Love of Country: A Hebridean journey
Church Times Bookshop £17.10
AS BRITAIN stumbles blindfolded and uncertainly into the morass of Brexit, Madeleine Bunting publishes a vital, even prophetic analysis, using travels through the Hebrides to examine the changing nature of nationalism and identity.
She writes “of empires, of appropriation and resistance, and how, within these politics, we may inherit or make a home, and (if we are lucky) a narrative of belonging and loyalty”. She finds, during six years of exploring from her London home, not another “home”, but a Gaelic poet’s “soul territory”, grounding our individual histories. Bunting, a history scholar and former Guardian writer, brings to her meditative travels a historian’s diligence, and a reporter’s descriptive interrogations.
She ranges widely, from the domesticated holiday isle of Arran, with its offshore Buddhist settlement on Holy Island, to St Kilda, 50 miles out in the Atlantic. She climbs and camps, braves pitching crossings, observes, interviews, reads, and analyses. She takes readers with her, into a weaving shed for Harris tweed, to the isolated farmstead on Jura where George Orwell wrote Nineteen Eighty-Four, and in Dr Johnson’s determined footsteps, as he sought “savage virtues and barbourous grandeur”.
Bunting enjoys good stories, and relates them with relish. They include the Trump-like George Bullough, son of a wealthy Victorian industrialist, who not only imported 300 workmen to build his castle on Rum, but paid them a “small supplement” to wear kilts. Turtles, humming birds, and alligators were brought in to populate the palm houses, with 250,000 tons of Ayrshire topsoil for landscaping.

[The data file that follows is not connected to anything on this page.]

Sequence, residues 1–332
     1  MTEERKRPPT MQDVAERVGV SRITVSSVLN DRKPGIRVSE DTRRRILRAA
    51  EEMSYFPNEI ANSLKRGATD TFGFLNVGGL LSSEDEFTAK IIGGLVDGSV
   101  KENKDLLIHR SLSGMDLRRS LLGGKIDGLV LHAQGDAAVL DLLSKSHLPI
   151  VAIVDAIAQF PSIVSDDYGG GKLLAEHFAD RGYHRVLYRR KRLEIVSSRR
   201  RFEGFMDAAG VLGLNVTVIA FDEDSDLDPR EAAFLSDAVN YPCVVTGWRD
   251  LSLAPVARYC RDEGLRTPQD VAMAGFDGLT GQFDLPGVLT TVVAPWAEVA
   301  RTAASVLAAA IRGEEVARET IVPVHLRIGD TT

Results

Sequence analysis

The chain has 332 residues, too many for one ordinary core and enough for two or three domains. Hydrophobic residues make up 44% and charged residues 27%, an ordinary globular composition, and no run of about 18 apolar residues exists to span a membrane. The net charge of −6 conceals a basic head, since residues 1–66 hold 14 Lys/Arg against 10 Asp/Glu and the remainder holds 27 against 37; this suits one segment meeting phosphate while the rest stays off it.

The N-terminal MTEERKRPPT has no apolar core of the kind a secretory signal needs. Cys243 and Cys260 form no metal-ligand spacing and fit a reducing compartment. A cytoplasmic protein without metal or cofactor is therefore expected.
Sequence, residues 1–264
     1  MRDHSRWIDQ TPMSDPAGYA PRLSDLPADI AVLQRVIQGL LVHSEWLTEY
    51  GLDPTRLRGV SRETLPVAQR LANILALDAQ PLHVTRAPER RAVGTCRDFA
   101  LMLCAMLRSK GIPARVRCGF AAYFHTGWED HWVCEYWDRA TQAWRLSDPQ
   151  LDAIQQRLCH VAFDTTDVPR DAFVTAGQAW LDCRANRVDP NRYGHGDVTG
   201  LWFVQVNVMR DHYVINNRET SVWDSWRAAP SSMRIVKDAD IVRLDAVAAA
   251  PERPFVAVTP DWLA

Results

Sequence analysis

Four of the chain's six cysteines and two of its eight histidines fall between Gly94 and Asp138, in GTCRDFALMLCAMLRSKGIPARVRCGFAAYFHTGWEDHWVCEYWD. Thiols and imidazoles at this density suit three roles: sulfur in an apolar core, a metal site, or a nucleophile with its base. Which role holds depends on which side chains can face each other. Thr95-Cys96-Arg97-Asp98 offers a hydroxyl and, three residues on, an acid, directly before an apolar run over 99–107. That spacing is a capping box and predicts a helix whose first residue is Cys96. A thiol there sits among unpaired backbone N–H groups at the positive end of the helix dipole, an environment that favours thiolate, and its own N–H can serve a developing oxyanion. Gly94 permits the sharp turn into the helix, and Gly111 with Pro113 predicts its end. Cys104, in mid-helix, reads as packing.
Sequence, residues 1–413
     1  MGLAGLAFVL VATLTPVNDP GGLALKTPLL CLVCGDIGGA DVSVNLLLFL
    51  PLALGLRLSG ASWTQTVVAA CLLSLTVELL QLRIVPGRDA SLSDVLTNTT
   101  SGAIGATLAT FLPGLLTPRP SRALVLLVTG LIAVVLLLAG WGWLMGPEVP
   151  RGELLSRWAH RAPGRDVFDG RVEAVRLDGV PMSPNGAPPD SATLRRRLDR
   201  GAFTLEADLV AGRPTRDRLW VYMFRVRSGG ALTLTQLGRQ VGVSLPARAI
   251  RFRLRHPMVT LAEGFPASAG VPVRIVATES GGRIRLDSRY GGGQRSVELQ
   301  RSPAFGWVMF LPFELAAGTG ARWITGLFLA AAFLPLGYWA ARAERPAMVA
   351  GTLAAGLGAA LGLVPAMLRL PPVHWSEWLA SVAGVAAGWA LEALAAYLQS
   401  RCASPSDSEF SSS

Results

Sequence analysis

Today, Bunting found the folly leaking and crumbling, but echoed as a vanity project in the redevelopment of an estate on Jura by an Australian hedge-fund manager once reported to earn £1.7 million a day.
Loss, and radical transition, hallmark the history of the 270 Hebridean-named islands, from the agonies of the Clearances to translating once public gardens into a private golf course. Finding “home” there remains problematic.
Bunting writes when independence dominates Scotland’s news agendas and the Gaelic pedigree provides a “resisting force” to the rootlessness of late capitalism. With its sense of community, and litany of embracing places, resistant Hebridean Gaelic culture offers a haven and a challenge to “the placelessness which capitalism requires”, Bunting writes.
This is no romantic vision, but a literal earthing and evaluation. A leader of the Iona Community told her that she took the isolated job because nobody else would do it.
This acknowledgement of the faithfulness of place makes Bunting’s book spiritually valuable. In times when so much travel is diluted to immediate experience by the “tourist industry”, she summons the integrity of inquiry back into our definitions of “home”, and its foundations.
Dr Martyn Halsall is a poet and journalist.